Egypt's Mubarak to talk Mideast peace with Obama

Egyptian President Hosni Mubarak, in Washington for the first time in five years, is expected to press the stance of Arab governments in the Middle East peace process when he meets with President Barack Obama on Tuesday.

Mubarak, 81, met with Secretary of State Hillary Rodham Clinton on Monday.

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P.J. Crowley, assistant secretary of State for public affairs, told reporters at Monday's briefing that Clinton and Mubarak met for an hour, with the topics ranging from Iraq to Darfur.

"It was a wide-ranging discussion befitting the strategic partnership between Egypt and the United States," Crowley said. "They obviously compared notes on the status of efforts by the United States and others to resume negotiation between Israel and Palestine as part of a comprehensive peace in the Middle East."

In an interview published Monday by Cairo daily al-Ahram, Mubarak made clear that he will be pushing the Arab point of view on Middle East peace at a point when the Israelis have asserted their right to natural settlement growth and the Obama administration, smarting from the tension with Israel, has called on Arab states to make a greater effort in the process.

"I explained to President Obama in Cairo that the Arab initiative offers the recognition of Israel and normalization of ties with it after, and not before, a just and lasting peace is achieved," Mubarak said, referring to the Saudi-backed 2002 initiative that asks for a return to 1967 borders, a solution to the Palestinian refugee question and a Palestinian state with east Jerusalem as its capital in return for Arab states normalizing relations with Israel.

Mubarak has shunned the idea that Arab states could further the peace process by first making overtures to Israel.

Mubarak is also expected to stress his opposition to any strike on Iran, arguing that the regime in Tehran is best dealt with from inside Iran. Iran has mostly brushed off the Obama administration's attempts at outreach, and the issue of negotiation versus further efforts such as sanctions against the Islamic Republic — which claims its nuclear program is just for energy purposes — will be up for discussion at the G-20 summit in Pittsburgh a month from now.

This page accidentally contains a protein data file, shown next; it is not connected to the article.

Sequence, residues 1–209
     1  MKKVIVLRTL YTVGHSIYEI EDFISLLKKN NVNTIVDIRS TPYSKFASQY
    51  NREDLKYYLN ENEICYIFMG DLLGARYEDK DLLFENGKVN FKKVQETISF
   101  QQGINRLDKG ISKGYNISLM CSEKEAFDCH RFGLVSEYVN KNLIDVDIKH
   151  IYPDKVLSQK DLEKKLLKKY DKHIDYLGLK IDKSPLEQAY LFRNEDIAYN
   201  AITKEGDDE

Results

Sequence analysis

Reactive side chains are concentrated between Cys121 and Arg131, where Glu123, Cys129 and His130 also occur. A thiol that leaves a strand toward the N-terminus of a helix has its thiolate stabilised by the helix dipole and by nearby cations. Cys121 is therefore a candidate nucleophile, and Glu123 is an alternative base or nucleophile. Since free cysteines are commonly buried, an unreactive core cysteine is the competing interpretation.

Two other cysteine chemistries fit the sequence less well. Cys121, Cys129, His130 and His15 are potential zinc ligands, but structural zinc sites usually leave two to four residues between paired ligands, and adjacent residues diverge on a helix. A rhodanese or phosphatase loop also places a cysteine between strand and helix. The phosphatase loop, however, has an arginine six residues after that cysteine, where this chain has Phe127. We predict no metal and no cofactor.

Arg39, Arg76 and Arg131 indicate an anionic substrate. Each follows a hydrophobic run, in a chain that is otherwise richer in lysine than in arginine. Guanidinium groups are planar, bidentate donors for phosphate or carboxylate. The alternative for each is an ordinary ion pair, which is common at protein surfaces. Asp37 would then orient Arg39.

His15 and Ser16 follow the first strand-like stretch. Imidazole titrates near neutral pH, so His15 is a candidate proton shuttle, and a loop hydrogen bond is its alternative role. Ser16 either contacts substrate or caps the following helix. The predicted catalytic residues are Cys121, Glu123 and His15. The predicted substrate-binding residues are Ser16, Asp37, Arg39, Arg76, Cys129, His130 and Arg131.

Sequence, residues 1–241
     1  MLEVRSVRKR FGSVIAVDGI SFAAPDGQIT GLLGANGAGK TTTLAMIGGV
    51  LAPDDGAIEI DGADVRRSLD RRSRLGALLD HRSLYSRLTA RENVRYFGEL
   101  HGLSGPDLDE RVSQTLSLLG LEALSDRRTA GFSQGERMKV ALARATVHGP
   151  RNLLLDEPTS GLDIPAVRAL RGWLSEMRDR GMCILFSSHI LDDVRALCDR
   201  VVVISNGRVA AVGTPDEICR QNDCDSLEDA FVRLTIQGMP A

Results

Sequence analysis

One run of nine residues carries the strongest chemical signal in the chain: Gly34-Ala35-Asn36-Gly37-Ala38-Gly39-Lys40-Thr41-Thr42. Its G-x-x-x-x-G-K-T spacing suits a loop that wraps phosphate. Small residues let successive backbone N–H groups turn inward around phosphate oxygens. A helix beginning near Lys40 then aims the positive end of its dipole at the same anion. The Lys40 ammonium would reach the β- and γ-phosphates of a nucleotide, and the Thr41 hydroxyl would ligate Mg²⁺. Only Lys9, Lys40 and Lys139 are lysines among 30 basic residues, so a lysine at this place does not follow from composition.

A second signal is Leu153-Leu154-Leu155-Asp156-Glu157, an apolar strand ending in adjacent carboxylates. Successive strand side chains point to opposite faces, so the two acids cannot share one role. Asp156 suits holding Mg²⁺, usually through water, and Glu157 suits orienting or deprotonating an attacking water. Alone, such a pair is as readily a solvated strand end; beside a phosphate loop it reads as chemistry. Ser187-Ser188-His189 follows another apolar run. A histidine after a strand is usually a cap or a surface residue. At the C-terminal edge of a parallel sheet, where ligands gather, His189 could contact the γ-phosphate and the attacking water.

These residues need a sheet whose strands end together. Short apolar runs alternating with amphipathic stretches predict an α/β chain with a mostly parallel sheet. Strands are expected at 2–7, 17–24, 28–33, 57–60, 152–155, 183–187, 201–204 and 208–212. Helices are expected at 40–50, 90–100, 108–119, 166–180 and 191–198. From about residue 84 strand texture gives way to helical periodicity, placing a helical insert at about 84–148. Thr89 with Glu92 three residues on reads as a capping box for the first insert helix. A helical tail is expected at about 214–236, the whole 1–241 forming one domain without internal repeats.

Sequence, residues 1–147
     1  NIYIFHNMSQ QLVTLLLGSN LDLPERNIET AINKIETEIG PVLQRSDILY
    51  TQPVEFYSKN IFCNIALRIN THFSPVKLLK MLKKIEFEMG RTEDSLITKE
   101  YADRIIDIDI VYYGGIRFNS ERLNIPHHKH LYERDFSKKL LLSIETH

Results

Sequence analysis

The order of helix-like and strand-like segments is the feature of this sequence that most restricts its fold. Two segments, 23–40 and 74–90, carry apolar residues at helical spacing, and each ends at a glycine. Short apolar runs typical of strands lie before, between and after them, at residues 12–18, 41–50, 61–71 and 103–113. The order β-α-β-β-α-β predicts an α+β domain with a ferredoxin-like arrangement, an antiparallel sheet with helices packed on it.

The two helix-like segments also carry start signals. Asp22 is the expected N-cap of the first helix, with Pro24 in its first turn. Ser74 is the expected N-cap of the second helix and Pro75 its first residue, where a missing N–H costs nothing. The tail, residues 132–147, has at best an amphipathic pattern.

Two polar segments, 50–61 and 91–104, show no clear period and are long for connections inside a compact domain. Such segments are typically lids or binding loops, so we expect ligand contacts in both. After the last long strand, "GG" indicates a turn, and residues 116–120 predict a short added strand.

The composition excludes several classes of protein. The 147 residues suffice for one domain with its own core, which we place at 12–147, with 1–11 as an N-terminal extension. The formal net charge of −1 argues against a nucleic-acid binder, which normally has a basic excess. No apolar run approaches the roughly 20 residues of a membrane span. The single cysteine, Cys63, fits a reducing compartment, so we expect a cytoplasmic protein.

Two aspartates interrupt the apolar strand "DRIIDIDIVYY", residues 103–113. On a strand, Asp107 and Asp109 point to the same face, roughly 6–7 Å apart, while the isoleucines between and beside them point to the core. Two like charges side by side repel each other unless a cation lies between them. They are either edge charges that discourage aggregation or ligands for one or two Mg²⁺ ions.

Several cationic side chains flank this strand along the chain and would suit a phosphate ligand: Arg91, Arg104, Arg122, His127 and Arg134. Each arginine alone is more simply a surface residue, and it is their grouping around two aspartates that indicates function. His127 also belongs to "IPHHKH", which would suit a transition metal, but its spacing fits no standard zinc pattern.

As the aging ruler visits, succession is also on the minds of political observers. Mubarak has apparently been grooming his younger son, Gamal, to take the reins of power; Gamal Mubarak was named general secretary of the policy committee of the ruling National Democratic Party by his father in 2002, and the president's Cabinet has since been stacked with NDP ministers from Gamal's committee.

Speculation about Mubarak's health has abounded for years, with the president collapsing during a live televised speech to parliament in 2003 in what state television called a "health crisis." Since then, canceled meetings with dignitaries have consistently ignited new rumors. The next presidential election in the single-party-dominant state will be in 2011, but one could be called earlier if for some reason Mubarak doesn't complete his term. Mubarak assumed the presidency after President Anwar Sadat's assassination in 1981.

Gamal Mubarak, who earned an MBA at the American University in Cairo, is an honorary Rotarian and, in an interview published this year, pegged his heroes as Winston Churchill and Margaret Thatcher.

When asked in a Middle East Quarterly interview which American president best understood the Middle East crisis, Gamal Mubarak reached back to the beginning of his father's term.

"The Egyptians naturally remember the role played by President Carter; he is the one who helped Sadat and the Israelis prepare the Camp David agreements," Gamal Mubarak said. "The last American president who really got involved in this issue is Bill Clinton. He did not hesitate to put his prestige at stake; he took great risks to try to reach an agreement. We got very close to a solution. His efforts were not in vain."